Avoid these bond-buying pitfalls

Consider all attributes of a bond and choose a trading platform that is aligned with your clients' best interests

Dec 22, 2017 @ 2:16 pm

By Jason T. Ware

Nearly every day, I see municipal bonds trading on various platforms at higher prices than I've been watching them trade elsewhere.

And what bothers me most is that I know that behind those trades are real people for whom the stakes of making good investments decisions are high. So here, in my experience, are three things independent advisers can do to avoid common pitfalls of municipal bond buying.


One of the most frequent mistakes I see advisers make is that they focus on finding a bond with specific structural characteristics their client wants, and neglect to evaluate other potentially negative attributes. In doing so, they risk paying too much or purchasing a bond that turns out to be a poor investment. Therefore, I recommend that advisers establish evaluation criteria and a consistent process for vetting every bond.

From a structural standpoint, consider all attributes of the bond. Make sure to note a sinking fund provision, or any discrete or extraordinary calls. In some cases, you may need to check the official statement to clarify any ambiguity.

From a credit standpoint, make sure you're comfortable with the issuer's balance sheet and that you've checked for any relevant state and local news. Finally, I recommend looking up a bond's geographical location. Typically, more affluent areas have stronger balance sheets and credit profiles. If the area is less affluent, make sure you're getting paid in yield for the risk.

(More: Brace for steepest rate hikes since 2006 in new year)

Candidly, pricing is the hardest aspect of a bond to evaluate. But you can often do so by looking at where the bond has recently traded. Professional traders like to know its trading patterns over the last five or six days. If that reference point isn't available to you, check to see where similar bonds are trading.

And if you can, always look at interdealer trades. They occur between professionals, typically after lengthy due diligence on both sides, and they tend to be the best indication of a bond's true market value.


Admittedly, performing a thorough evaluation of bond characteristics can be time consuming. However, technology can ease this process and provide improved access and transparency. In addition to EMMA, there are now a number of platforms and online resources that can assist in this process.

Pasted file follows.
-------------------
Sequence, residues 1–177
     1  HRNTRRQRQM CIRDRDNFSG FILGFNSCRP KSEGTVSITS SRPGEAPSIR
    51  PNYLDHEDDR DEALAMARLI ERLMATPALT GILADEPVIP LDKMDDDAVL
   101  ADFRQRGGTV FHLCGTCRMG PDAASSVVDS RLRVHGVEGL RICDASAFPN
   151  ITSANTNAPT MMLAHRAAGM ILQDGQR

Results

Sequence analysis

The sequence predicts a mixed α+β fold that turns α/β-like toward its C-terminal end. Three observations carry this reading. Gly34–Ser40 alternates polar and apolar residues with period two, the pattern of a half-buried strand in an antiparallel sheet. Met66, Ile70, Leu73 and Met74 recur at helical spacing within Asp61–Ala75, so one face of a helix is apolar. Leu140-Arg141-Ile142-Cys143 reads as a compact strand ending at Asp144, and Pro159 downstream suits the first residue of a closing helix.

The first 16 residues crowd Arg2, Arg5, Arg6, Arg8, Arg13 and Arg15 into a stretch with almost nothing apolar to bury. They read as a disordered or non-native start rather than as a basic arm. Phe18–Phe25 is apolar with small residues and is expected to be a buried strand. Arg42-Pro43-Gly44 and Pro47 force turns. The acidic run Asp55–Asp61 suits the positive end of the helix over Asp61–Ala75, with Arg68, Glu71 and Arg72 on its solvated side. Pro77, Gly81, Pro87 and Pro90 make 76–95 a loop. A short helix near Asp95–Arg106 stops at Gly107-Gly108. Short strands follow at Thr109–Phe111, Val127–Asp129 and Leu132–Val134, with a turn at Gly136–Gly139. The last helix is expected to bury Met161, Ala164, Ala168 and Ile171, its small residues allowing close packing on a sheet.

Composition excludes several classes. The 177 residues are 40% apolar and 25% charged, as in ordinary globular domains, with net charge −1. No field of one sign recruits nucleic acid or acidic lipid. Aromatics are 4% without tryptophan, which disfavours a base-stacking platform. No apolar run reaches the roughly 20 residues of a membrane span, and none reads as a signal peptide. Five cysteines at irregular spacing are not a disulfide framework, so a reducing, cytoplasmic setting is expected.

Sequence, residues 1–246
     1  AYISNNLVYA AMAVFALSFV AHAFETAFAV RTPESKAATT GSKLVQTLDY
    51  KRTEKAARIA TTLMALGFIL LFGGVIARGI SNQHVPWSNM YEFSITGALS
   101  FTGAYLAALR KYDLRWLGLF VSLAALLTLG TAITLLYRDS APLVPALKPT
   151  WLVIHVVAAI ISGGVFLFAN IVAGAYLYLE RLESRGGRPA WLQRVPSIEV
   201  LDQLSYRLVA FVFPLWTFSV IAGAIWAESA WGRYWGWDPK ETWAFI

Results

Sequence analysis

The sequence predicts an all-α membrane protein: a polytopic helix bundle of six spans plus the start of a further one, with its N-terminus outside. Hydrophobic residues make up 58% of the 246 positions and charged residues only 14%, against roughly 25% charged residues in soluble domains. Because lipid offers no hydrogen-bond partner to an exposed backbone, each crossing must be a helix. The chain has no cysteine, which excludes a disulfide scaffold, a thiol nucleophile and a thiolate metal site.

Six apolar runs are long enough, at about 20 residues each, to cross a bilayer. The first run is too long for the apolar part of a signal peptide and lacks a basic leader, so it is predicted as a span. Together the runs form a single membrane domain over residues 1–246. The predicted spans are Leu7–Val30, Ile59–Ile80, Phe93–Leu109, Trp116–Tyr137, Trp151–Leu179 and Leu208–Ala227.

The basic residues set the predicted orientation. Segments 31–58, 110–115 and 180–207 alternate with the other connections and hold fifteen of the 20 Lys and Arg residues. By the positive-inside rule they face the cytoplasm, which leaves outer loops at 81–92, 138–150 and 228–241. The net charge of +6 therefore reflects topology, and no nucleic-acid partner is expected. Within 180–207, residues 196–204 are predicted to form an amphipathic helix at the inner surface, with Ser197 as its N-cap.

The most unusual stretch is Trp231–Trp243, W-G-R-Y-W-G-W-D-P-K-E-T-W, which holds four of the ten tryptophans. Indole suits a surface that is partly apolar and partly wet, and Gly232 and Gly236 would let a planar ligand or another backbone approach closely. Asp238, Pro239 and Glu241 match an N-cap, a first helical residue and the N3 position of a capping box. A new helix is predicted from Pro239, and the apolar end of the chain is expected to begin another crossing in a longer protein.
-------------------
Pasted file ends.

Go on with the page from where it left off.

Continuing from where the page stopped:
Today, information tends to be fairly fragmented, so you may need to use more than one platform to complete your checklist. Remember that technology by itself isn't a panacea for effective investing, but it is a great tool to help advisers make more informed choices.

Once you've evaluated a bond for structural and credit pitfalls, you'll want to compare its price across as many platforms as possible. Bondholders are not required to offer bonds at the same price on every platform. Pricing can differ significantly between them.


Execute trades with a platform aligned with your clients' best interest. While transactional platforms can offer an efficient way to buy bonds, many don't feature a price negotiation tool. And regardless, bond buyers often lack the market leverage and professional guidance to know how to negotiate effectively.

Therefore, I always recommend that independent advisers execute their trades through a platform in which every trade is touched by an experienced fixed income professional. Think of this as an extra set of eyes looking out for you and your client's best interest.

These specialists may see potential pitfalls that are not easily visible, and they have extensive tools and resources to evaluate potential risks and opportunities. Further, they can negotiate the best price possible, given real-time trading dynamics and market insights.

(More: The history of bonds — at least since yields hit record lows last year)

When choosing the right firm, look for those aligned with the needs of the independent adviser and incentivized to work on your behalf; you're more likely to get better service and attention. Ask them to articulate their process for evaluating and negotiating bonds, and make sure you're comfortable with it. You want to know that they're in touch with the many exchanges that exist for any individual security.

And finally, any reputable firm should be transparent about what it is charging you on behalf of your client. You have a right to expect this, and you should.

Jason T. Ware is a co-founder and Managing Director at 280 CapMarkets.


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